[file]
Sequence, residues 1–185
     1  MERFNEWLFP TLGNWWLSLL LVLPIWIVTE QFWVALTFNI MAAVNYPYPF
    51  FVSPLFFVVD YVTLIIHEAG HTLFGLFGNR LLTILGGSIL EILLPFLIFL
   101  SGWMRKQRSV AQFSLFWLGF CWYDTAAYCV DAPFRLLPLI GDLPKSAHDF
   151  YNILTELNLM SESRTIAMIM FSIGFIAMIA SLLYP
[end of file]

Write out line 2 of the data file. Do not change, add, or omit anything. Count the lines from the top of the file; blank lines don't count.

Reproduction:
     1  MERFNEWLFP TLGNWWLSLL LVLPIWIVTE QFWVALTFNI MAAVNYPYPF